Whilst campaigns of this nature are unfortunately commonplace, targeting vulnerable or out-of-date WordPress websites, this discovery reiterates the need for website owners to ensure that their installations are well maintained, minimising the time between vulnerabilities being discovered and patched, as well as demonstrating how regular site content audits or monitoring could alert website owners to these unauthorised changes.
Based on a review of the websites identified as currently compromised, a variety of WordPress versions and plugins have been identified. As such it is likely that multiple vulnerabilities are being exploited, potentially by multiple campaigns and threat actors, in some cases resulting in one website having multiple instances of injected nefarious payloads.
Whilst many websites may employ old WordPress and plugin versions, likely detectable and exploitable by automated processes, the following recently announced vulnerability is reportedly being exploited by those conducting mass-injection campaigns.
WordPress Duplicator Plugin Remote Code Execution
Affecting version 1.2.40 and earlier, this remote code execution vulnerability, discovered by researchers at Synacktiv, is present within the Duplicator plugin which provides the ability for administrators to migrate or clone their WordPress sites from one location to another.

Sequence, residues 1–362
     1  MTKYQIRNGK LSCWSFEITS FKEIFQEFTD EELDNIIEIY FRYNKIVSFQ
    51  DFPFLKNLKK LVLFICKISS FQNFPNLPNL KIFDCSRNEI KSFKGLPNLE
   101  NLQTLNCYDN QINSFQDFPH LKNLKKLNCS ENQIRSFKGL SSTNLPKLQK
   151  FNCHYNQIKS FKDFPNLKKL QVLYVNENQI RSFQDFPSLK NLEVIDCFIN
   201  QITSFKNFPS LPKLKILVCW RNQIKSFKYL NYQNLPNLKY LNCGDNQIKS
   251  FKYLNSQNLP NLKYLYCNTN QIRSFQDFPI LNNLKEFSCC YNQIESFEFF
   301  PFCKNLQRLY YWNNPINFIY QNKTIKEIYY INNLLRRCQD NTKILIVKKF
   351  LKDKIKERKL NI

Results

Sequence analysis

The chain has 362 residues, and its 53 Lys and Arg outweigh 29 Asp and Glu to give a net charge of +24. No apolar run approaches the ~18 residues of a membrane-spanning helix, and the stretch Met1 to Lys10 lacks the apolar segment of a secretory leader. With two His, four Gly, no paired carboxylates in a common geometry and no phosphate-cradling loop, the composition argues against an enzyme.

Figure 1 – Example files remaining following the use of Duplicator v1.2.40 or earlier
Furthermore, a ZIP-compressed archive, containing a full copy of the site, in addition to a SQL database backup file (Figure 2) also remains and can potentially expose sensitive data.
Figure 2 – Example Duplicator generated MySQL backup file (Header comments)
Of the sites observed using a vulnerable version of this plugin, exposed data was detected including API credentials for cloud services, such as Amazon Web Services, as well as API credentials for PayPal (Figure 3).
Figure 3 – Example exposed PayPal API credentials
In addition to potentially abusing cloud service credentials for further nefarious activities, the PayPal API credentials could allow the account holder’s balance to be queried (Figure 4) along with various transaction processes, including refunds, potentially permitting fraudulent activity.
Figure 4 – Example PayPal API query response showing account balance (USD 7.00)
Whilst this vulnerability has now being patched by the vendor, administrators are recommended to ensure that all installation, and potentially sensitive, files are removed post-migration.